Bob Huggins is a collector of good stories. He enjoys hearing them and if you are lucky enough to be around him, he loves to tell them.

Saturday night on his post-game radio show following West Virginia’s somewhat ho-hum performance against VMI, Huggins was in a story telling mood, so he told one about Jerry Tarkanian once explaining his coaching philosophy to his basketball team.

“Tark really simplifies a lot of stuff for you,” Huggs began.

“He said what this is is pie, and everybody is going to get a piece of this pie. Don’t worry about it. I’m going to make sure you all get a piece of this pie.

“But now let’s tell the truth – he had this guy Sidney Green from Brooklyn who was his best player – and he said, ‘Sidney is going to get a lot bigger piece than the rest of you. You might as well get used to it because I’m cutting the pie.’”

The point Huggins was making is that there is a certain pecking order in life, even in a society full of equals. In Latin the phrase is primus inter pares – first among equals – and right now senior guard Casey Mitchell has earned the right to stand at the front of the line.

“He’s going to make more shots,” said Huggins. “It’s very, very simple.”

Two years ago when Huggins signed Mitchell, the nation’s No. 1 junior college player, he said there would be times when Mitchell would look like an All-American and then there would be other times when he would look like an albatross.

After a very ordinary season in 2010, it seemed to be more the latter. Casey had averages of 3.7 points and 0.9 rebounds per game and a 31.9 percent shooting percentage from the floor – the white belt on a team full of brown shoes.

Mitchell wasn’t used to the structure Huggins demands of his players both offensively and defensively, so he frequently sat and watched. But more importantly, he learned.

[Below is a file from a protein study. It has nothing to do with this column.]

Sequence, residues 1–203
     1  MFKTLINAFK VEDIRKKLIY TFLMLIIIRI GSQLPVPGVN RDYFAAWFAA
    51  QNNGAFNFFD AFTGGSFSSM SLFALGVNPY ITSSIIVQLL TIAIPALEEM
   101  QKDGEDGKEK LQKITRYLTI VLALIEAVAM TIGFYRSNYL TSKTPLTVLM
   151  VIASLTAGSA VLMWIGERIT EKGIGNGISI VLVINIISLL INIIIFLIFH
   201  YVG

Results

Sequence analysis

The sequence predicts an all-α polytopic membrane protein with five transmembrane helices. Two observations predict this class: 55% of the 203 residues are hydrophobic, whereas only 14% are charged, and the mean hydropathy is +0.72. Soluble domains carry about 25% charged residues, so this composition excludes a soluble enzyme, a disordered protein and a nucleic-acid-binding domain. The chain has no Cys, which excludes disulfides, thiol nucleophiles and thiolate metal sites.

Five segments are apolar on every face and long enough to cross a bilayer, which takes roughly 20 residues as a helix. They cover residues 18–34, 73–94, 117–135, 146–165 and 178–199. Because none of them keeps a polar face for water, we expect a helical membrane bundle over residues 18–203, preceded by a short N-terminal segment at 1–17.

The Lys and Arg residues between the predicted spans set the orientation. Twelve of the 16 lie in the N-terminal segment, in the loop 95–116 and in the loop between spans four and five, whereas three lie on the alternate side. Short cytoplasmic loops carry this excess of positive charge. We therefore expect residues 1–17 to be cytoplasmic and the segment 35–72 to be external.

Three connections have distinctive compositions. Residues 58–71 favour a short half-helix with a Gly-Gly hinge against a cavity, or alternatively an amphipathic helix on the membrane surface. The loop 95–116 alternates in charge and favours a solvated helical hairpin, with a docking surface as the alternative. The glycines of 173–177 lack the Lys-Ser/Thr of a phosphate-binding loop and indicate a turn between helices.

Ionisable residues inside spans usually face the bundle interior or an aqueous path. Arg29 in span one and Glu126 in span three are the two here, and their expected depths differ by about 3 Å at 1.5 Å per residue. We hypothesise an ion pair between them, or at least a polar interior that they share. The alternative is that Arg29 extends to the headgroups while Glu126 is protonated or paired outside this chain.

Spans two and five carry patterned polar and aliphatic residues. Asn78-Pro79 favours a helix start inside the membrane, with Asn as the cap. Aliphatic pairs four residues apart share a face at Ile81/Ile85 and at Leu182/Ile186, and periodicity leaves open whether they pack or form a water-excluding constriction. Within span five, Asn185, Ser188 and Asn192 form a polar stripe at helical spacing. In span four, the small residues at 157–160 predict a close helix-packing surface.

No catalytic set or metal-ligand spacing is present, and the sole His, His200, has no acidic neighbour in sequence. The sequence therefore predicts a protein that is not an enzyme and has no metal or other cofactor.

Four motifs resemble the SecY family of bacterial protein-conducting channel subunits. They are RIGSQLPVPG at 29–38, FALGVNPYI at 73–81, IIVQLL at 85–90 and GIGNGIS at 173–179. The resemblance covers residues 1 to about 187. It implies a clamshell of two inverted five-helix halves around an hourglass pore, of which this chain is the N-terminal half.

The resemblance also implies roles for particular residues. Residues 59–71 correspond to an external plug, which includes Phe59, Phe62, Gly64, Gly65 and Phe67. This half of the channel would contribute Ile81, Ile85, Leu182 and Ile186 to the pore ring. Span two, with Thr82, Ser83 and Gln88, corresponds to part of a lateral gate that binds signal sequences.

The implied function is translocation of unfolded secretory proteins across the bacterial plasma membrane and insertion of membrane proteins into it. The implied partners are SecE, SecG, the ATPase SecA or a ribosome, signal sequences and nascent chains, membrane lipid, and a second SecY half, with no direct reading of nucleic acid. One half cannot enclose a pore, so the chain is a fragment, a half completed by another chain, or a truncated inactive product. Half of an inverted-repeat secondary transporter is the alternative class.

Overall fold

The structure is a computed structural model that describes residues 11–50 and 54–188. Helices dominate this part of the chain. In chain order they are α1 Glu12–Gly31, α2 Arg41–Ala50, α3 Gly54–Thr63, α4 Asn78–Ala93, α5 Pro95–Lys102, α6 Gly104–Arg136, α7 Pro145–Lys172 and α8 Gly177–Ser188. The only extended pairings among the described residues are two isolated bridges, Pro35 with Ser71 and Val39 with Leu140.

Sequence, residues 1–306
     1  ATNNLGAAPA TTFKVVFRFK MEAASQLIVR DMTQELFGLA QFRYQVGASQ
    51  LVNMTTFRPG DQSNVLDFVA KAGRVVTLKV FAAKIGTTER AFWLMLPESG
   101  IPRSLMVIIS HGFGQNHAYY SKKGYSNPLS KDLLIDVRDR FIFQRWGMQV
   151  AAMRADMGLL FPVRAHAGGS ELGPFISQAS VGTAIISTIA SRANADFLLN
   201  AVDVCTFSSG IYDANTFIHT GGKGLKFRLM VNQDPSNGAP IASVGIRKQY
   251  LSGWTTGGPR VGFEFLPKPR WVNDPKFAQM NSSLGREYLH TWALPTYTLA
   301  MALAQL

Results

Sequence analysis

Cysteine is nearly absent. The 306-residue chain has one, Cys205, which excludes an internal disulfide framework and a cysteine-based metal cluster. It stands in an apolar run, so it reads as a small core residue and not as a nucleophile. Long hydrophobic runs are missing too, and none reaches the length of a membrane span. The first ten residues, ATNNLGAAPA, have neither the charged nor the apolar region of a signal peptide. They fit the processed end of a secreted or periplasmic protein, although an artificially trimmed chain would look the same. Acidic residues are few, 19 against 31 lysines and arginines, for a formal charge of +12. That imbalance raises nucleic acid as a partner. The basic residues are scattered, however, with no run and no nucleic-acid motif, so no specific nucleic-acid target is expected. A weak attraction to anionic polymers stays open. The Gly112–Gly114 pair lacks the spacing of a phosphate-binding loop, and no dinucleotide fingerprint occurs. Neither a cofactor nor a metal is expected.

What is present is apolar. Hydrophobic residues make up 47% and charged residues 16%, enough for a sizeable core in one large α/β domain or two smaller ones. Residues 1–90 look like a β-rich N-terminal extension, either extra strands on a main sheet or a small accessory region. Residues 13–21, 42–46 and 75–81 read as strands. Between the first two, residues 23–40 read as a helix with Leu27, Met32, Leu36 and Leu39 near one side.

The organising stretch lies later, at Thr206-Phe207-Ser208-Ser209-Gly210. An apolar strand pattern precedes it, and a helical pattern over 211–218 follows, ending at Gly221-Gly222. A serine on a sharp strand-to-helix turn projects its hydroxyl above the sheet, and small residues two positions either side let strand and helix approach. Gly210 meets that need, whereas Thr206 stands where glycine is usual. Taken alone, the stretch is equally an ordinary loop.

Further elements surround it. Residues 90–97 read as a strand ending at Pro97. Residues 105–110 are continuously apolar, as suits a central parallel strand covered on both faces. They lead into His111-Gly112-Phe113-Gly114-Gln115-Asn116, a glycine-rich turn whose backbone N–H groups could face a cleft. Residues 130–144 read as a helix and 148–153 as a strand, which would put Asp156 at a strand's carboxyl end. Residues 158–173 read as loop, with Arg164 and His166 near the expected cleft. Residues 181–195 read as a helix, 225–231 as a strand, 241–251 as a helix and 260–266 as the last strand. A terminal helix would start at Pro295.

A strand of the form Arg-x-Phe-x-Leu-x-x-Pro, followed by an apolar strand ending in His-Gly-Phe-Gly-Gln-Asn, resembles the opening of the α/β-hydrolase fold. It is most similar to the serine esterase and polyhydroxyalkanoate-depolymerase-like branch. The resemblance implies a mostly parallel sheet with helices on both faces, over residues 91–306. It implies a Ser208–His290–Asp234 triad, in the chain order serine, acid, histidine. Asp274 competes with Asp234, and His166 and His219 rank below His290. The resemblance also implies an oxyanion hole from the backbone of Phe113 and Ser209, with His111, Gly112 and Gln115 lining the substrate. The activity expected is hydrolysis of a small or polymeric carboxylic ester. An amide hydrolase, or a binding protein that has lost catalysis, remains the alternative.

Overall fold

“We were hoping he could do it last year but he just didn’t understand how to play, and with the guys that we had, it was hard because he was constantly in their way,” said Huggins. “And defensively he just wasn’t any good.”

For Mitchell, so used to always being told that he was the best player on the floor, getting the exact opposite from Huggins was something he wasn’t accustomed to hearing.

“When I got here it kind of bothered me a little,” Mitchell admitted. “Every coach that recruited me told me I was going to play and I went in and played right away. Coach showed me a lot by sitting me down. It doesn’t matter how good you are, you still have to listen to him and give it your all and if you don’t he’ll sit you down, no matter if you are an All-American or not.”

Huggins was more succinct.

“We hold them accountable,” he said. “I think a lot of times guys that have (Casey’s) ability sometimes aren’t held as accountable. I think he probably went through that more than others. Devin (Ebanks) came in, and Devin was very highly rated, but Devin played two years for Jerry Quinn (at St. Thomas More School in Connecticut) and Jerry holds people accountable.

“I’m a firm believer that you have to do things right off the floor, too,” Huggins said. “You can’t be late to class – you can’t miss class and do those kinds of things. They almost know during practice that the shoe is going to fall sometimes. I think Casey has learned to be more accountable in all areas of his life.”